The Volokh Conspiracy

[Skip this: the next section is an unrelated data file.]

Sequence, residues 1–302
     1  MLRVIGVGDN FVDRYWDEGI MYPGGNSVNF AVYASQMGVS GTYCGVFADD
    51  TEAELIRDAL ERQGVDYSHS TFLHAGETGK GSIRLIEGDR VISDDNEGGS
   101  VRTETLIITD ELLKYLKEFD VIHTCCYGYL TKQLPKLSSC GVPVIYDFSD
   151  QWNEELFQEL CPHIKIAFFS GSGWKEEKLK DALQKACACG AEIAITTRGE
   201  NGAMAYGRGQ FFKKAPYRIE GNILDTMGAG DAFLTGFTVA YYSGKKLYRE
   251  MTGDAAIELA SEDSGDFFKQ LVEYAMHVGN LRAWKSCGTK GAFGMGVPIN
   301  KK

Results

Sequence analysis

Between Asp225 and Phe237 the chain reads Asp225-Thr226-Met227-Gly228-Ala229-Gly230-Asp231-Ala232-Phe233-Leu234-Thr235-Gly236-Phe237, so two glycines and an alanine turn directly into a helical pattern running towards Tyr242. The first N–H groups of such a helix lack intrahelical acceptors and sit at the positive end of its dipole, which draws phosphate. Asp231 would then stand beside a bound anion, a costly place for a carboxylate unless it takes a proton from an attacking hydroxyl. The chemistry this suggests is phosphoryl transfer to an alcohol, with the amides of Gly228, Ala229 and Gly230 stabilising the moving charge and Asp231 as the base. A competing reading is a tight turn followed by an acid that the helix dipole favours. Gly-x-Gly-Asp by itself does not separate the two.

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The Supreme Court will soon consider whether to grant a certiorari petition filed by Arizona, which involves a voter-approved amendment to the Arizona Constitution rendering a defendant categorically ineligible for bail if "the proof is evident or the presumption great" that he committed sexual assault. In a 4-3 divided opinion, the Arizona Supreme Court concluded that this amendment was unconstitutional. Arizona has sought review of that decision. Along with counsel of record Allyson Ho and her colleagues at Gibson, Dunn & Crutcher and Steve Twist at Arizona Voice for Crime Victims, I have filed an amicus brief urging the Court to grant review. Our brief argues that nothing in the Constitution prohibits the States from empowering trial courts to protect crime victims by denying defendants bail when—as determined by a trial judge after a full and fair adversarial process—the proof is evident that the defendant committed a sexually violent offense.